Majority Leader Harry Reid (D-Nev.) after the Senate vote Wednesday on… (Alex Wong / Getty Images )
Senate Majority Leader Harry Reid (D-Nev.) formally suspended the Democrats’ drive for new gun control legislation Thursday, shelving his party’s bill after Wednesday’s defeat of its centerpiece, a measure for expanded background checks on gun purchasers. But Reid, along with President Obama and former House Speaker Nancy Pelosi (D-San Francisco), insisted that they are determined to fight on. “This debate is not over,” Reid said. “In fact, this fight is just beginning.”
Are they whistling in the dark? In the short run, yes. The chances of significant gun control legislation passing in the current Congress are negligible. If the deaths of 20 schoolchildren in Newtown, Conn., and an emotional full-court press by Obama couldn’t do it, nothing can.
Yet some gun control advocates found reasons for long-term optimism even in the face of a stinging defeat. They noted that expanded background checks won a solid majority in the Senate despite furious lobbying by the National Rifle Assn. (the measure drew 56 votes, four short of the 60 it needed). Four Senate Republicans voted in favor of expanded background checks: John McCain of Arizona, Patrick J. Toomey of Pennsylvania, Susan Collins of Maine and Mark Kirk of Illinois.
The advocates note that national polls show at least 85% of Americans favor universal background checks, including majorities in every part of the country. The same polls show that most Americans mistakenly think universal background checks are already required under federal law. That odd fact may be more important than it sounds; indeed, one gun control lobbyist told me, it may be the key to this debate in the future.
It’s possible to argue, as UCLA professor Adam Winkler does in the New Republic, that this year’s effort failed because the Obama administration didn’t move fast enough after the tragedy in Newtown. But senators say this legislation actually moved at the equivalent of lightning speed in the Senate; the bipartisan proposal that failed wasn’t actually written until a few weeks ago.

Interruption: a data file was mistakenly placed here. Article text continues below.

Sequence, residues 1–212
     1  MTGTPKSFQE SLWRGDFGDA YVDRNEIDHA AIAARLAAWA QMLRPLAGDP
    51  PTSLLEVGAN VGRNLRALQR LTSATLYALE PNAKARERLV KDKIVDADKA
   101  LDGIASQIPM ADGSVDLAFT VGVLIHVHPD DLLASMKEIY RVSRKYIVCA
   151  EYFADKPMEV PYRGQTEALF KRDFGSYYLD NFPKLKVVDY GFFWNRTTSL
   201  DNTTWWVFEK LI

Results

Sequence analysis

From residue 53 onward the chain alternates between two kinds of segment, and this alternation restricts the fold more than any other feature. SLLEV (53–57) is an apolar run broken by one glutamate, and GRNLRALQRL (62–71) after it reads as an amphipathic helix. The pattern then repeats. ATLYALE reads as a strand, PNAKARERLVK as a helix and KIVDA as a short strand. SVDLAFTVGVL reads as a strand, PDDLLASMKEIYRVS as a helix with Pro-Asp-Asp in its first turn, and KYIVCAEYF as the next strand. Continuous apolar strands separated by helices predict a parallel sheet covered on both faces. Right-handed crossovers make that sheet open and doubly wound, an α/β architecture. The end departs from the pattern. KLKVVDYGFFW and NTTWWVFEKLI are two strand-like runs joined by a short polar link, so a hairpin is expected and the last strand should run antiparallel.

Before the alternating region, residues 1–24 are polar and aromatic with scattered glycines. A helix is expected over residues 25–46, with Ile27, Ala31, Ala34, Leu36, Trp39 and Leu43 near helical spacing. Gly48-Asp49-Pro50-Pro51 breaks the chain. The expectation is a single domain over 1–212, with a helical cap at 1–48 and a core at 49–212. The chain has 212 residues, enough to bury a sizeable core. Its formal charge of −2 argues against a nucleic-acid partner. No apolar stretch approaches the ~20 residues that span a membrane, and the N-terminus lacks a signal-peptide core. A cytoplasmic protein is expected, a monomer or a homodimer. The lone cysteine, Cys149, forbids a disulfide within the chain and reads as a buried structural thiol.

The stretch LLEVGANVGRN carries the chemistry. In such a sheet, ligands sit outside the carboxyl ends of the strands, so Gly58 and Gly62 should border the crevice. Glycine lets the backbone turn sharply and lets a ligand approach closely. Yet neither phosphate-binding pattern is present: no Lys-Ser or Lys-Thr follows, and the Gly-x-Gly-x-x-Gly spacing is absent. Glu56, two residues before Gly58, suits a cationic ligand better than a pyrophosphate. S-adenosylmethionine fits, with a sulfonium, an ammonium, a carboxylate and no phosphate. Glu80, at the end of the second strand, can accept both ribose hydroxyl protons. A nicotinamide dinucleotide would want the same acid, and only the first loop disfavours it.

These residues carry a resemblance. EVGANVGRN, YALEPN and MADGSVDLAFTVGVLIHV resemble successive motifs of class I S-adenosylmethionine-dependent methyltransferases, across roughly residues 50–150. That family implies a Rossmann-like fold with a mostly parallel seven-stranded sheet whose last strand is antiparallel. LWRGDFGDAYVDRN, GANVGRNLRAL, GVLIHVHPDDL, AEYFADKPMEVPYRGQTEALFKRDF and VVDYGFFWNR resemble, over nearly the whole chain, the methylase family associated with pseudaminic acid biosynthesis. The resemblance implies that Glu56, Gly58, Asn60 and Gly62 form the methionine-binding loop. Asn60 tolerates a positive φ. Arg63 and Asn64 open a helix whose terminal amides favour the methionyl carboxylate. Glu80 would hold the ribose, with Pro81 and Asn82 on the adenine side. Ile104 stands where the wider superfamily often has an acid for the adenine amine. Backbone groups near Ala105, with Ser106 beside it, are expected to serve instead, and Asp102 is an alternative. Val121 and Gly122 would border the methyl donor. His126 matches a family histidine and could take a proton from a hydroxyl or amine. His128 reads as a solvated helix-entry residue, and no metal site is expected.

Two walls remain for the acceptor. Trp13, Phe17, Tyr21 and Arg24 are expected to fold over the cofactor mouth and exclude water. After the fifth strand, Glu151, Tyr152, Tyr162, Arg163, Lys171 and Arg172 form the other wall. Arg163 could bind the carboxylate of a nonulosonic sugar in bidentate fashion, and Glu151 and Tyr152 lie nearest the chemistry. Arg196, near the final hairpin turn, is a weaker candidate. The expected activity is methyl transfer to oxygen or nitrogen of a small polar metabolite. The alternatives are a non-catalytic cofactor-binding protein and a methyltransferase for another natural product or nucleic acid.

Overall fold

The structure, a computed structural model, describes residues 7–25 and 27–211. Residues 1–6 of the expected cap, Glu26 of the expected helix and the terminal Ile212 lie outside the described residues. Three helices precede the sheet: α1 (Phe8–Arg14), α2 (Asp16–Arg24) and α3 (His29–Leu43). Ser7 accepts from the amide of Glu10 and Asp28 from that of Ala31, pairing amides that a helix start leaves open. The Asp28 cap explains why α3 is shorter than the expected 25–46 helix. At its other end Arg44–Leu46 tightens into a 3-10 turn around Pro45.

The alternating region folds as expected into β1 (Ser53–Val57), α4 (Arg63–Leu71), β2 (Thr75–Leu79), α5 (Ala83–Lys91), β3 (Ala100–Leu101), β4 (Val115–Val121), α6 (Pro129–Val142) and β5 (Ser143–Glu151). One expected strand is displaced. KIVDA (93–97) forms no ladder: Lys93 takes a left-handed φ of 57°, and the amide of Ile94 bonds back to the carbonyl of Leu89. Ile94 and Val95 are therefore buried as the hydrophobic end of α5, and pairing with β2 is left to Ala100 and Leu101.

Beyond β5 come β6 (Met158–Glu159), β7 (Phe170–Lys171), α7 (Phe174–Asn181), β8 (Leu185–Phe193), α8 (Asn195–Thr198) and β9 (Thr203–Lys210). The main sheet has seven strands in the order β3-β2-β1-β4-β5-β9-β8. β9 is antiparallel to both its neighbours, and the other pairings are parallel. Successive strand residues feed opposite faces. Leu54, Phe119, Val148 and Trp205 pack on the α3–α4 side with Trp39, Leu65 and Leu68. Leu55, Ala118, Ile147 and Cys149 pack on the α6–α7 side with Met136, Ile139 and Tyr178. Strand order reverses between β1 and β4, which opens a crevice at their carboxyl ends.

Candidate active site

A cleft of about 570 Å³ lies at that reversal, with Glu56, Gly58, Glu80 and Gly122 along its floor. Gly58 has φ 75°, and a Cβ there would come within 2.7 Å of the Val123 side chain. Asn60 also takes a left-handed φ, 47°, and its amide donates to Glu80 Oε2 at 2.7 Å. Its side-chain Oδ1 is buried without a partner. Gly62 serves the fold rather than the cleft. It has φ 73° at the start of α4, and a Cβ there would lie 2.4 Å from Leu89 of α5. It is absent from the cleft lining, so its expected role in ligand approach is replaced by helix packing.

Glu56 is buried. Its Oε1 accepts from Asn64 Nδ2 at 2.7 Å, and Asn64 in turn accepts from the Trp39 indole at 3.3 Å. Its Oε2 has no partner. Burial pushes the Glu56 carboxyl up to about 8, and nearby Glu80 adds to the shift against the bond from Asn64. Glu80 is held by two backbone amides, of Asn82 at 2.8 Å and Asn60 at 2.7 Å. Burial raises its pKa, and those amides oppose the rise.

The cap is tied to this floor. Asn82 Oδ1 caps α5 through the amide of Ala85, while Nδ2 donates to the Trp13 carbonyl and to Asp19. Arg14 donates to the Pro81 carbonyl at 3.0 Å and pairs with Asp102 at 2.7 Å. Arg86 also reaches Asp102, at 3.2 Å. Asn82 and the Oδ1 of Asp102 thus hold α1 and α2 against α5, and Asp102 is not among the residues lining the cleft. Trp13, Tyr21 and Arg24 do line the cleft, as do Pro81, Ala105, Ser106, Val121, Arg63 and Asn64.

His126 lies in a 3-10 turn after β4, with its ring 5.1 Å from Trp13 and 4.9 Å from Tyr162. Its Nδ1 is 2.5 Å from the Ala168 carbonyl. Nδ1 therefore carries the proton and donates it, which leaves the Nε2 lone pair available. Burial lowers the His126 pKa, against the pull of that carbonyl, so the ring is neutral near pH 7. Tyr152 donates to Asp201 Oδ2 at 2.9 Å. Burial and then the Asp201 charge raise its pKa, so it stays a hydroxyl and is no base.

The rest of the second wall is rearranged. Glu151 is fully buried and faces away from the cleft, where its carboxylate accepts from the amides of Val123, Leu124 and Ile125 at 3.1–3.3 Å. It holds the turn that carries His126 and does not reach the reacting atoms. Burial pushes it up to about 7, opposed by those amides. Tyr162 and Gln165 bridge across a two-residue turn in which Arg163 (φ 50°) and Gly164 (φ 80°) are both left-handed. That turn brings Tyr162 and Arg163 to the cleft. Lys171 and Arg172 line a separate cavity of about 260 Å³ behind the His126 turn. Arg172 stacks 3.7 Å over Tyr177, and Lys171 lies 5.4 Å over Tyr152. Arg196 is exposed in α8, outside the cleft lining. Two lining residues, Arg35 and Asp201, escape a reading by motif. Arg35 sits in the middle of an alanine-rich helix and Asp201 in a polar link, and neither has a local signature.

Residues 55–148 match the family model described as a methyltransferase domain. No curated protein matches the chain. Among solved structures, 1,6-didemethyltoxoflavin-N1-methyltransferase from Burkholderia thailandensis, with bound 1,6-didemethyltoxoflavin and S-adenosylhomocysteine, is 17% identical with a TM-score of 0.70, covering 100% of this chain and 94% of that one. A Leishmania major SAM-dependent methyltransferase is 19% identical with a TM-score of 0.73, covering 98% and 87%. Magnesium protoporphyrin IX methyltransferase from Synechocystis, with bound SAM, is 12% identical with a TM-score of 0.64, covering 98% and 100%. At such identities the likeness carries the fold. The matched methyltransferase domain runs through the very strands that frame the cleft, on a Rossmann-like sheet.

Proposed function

The alternative view -- and the one many gun control advocates are clinging to, if only for solace -- is that the public still needs to be educated and organized on gun control. Now that we’ve had a vigorous national debate, more voters know -- for the first time -- that background checks aren't universal. After all, they note, the 1993 Brady Bill, which established partial background checks, took six years to pass.
Some gun control advocates say they hope to use the issue to defeat senators who voted no in next year’s election. But there’s a problem with that strategy: In 2014, the most vulnerable senators who voted no are all red-state Democrats (Mark Pryor of Arkansas, Max Baucus of Montana and Mark Begich of Alaska). A campaign to unseat them might enable the GOP to gain a majority in the Senate, and that would make gun control legislation less likely, not more so.
The more plausible scenario, one gun control lobbyist told me grimly, is that one day another mass murder will occur, “this time, committed by someone who didn’t undergo a background check.” That, on top of Newtown and the education voters have absorbed over the last four months, might just be enough to make a difference.